The Antiracism Trainings
By David Reich
Reviewed by Kadzi Mutizwa
BlazeVOX [books], 2010
Paperback, 384 pp., $22.00
There are two kinds of people in this country. The ones who refer to non-whites as “minorities”; and those who studiously opt for the term “people of color.” It’s tempting to think of the more politically correct “people of color”-favoring subset as the more progressive of the two. The problem is that there’s a subset of this subset that’s way too obsessed and impressed with its nominally progressive ideals, to the point of misplacement. And those who view themselves as the chosen progressives have a way of becoming just as insufferable as the supposed yahoos they rail against.
Middle-aged Mickey Kronenberg writes for a Boston-based magazine that’s published by the Liberal Religion Center. This LRC is a subsidiary of the Yoonie Church of Universal Love and Knowledge—a “fine old New England denomination dating back to the Transcendentalists and professing humane, enlightened views on any topic you could name.” A good Yoonie will refer to Christmas as “Winter Holiday” and speak of whites as “Euro-Americans.”
Technically free from any formal commandments, standard Yoonie thought is “guided” by six “suggestions.” Per the eventually-codified Suggestion VI, “Persons of Color, Persons with Disabilities, and Lesbian, Gay, and Transgender Persons have been gifted with a special Wisdom. They are here to teach the rest of us how to live.”
It gets worse.
As an official, officious fleshing out of this Sixth Suggestion’s spirit, the LRC becomes increasingly hell-bent on “promoting antiracist thought,” primarily via mandatory antiracism training sessions for all employees. Pegged as healing-minded affairs, these trainings make every single new staff orientation program or day-long work-related workshop I’ve ever sat through seem like an open-bar pool party.
At such sessions, employees sit in alphabetical order while ministry leaders preach nuggets like “we have to assume that people of color don’t have wrong perceptions” and “all whites are racists.” Whites are asked to jot down ten things they like about being white; and non-whites are asked to do the same about “being of color.”
Mickey (whose initials are “MLK”) isn’t a practicing Yoonie and neither are any of the magazine’s original staffers. In fact, they’ve proudly turned the in-house publication into a “bastion of irreligion” instead of a “glorified church bulletin”—a trend line that hasn’t gone unnoticed by the paternalists in charge.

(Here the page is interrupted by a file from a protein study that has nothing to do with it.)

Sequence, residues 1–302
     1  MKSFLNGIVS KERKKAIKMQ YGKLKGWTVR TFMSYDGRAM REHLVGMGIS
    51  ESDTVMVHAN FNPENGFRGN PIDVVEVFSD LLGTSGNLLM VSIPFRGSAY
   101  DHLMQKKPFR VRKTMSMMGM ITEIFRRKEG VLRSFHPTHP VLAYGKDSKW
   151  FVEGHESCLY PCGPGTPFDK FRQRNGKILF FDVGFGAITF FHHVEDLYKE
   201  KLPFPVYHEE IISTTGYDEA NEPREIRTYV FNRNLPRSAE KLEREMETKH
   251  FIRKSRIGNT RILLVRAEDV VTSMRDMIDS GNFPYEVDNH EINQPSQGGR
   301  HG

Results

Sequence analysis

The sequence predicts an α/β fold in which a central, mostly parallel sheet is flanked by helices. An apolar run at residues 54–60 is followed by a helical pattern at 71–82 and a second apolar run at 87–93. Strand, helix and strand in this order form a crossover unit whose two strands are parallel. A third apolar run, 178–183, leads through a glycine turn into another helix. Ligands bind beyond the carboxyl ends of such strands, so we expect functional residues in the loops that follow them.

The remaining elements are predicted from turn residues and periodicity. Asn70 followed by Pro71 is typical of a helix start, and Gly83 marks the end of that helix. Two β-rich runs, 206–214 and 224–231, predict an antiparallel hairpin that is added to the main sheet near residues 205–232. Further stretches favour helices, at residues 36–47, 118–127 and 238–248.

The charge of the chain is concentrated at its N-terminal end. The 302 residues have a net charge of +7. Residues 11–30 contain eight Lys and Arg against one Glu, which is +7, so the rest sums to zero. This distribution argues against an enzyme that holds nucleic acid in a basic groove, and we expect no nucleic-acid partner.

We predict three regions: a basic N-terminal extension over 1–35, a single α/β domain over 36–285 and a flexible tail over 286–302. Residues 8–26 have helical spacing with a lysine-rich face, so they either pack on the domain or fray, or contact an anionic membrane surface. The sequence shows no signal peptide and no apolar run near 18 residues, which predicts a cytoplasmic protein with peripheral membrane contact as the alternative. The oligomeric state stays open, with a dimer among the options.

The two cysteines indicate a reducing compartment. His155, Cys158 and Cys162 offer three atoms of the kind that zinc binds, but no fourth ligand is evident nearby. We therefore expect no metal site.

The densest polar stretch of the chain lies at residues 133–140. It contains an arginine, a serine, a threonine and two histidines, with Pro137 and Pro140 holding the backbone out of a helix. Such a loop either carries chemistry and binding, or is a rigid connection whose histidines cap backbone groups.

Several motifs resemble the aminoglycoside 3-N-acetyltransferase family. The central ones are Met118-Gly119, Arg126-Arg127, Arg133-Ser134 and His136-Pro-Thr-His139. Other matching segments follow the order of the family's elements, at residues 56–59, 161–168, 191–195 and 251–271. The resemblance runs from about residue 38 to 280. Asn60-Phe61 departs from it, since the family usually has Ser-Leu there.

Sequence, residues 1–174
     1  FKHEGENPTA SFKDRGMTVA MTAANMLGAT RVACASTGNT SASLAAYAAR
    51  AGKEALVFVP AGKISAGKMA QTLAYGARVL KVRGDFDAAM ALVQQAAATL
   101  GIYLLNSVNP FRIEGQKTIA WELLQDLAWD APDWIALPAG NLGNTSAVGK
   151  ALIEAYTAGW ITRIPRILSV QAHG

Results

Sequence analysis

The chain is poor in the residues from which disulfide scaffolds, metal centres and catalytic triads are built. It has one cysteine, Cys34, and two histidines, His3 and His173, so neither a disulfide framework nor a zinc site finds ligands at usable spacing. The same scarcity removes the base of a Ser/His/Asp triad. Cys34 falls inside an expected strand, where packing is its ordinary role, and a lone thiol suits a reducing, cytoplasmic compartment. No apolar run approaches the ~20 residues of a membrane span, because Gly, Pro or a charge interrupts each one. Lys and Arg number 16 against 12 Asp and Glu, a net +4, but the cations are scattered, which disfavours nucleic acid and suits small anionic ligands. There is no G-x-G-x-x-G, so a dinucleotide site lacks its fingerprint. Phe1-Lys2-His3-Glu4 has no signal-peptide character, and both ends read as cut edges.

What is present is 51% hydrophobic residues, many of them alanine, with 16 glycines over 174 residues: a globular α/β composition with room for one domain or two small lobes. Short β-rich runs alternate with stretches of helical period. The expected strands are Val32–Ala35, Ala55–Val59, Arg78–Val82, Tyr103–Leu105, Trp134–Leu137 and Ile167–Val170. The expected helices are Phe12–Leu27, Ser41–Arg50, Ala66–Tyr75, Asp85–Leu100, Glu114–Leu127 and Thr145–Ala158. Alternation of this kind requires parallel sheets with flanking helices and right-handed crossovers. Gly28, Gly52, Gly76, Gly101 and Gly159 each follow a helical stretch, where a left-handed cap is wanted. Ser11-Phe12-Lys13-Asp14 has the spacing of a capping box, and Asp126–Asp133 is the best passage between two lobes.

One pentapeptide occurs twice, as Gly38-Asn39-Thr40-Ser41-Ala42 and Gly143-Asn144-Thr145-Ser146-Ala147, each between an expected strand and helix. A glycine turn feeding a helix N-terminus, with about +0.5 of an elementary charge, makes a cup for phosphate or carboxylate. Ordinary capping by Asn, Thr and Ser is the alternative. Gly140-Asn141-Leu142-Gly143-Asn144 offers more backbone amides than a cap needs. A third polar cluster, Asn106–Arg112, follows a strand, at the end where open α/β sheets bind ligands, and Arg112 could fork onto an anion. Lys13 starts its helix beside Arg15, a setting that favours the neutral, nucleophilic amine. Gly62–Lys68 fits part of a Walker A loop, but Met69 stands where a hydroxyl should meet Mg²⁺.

According to the Yoonies’ Suggestion II, “No one can be certain of Ultimate Truth.” And pursuant to Suggestion IV, “Democracy is Sacred.” So you’d think that Mickey’s apostasy wouldn’t be the end of their world. Yet it totally is. Once he gets to his own requisite training session, he publicly (and self-righteously) questions the present-day incidence of employment and housing discrimination—and his drift isn’t received too well. Most non-whites (and anyone who’s well-schooled about the intractability of civil rights-breaching slights and violations) know that this nationwide scourge lingers on in a way that’s not fairly dismissible. Nonetheless, in the interest of promoting meaningful enlightenment, these kinds of glib, misconception-driven lines of inquiry need to be calmly and rationally talked out—not hostilely and emotionally talked down to.
An office, any office, is a lot like a church—conformity is next to godliness. Mickey’s new boss tells him that he would increase his chances of internal advancement if he would “[look] more like part of the team. Attend chapel more often. Go to all-staff meetings, and try to look happier when you go.” When Mickey unblinkingly refuses to give in, he learns what can become of those who choose the sin of individuality over the sacrament of team playing. Before the altar of office politics, logic is supplanted by “elevated mind games” and rhetoric trumps reason or reform.
All told, The Antiracism Trainings is an ode to the virtues of self-employment. Reich superbly lays out what it’s like to not be self-employed—what it means to have to work for and with other people and other value systems; and particularly how it feels to spend the better part of your time toiling away on behalf of a cause you really don’t believe in, “sticking it out for years out of sheer inertia.” Sucking it up from 9 to 5, just to pay the bills and retain affordable health care, is one of the more common forms of contemporary social entrapment—and one of the more miserable aspects of responsible adulthood.
Instead of these hard-to-take-seriously antiracism trainings, an authentically progressive and productive liberal institution would hold something closer to anti-dogma trainings—sessions that pay more homage to open-ended arcs of thinking and respectful articulations of dissent. The uber-devout Yoonie followers’ impression of the truth and the way is one story. But there are others. Truths/perspectives/realities are like snowflakes or fingerprints—no two are completely alike.
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Kadzi Mutizwa is a Midwesterner who currently lives and works in New York.
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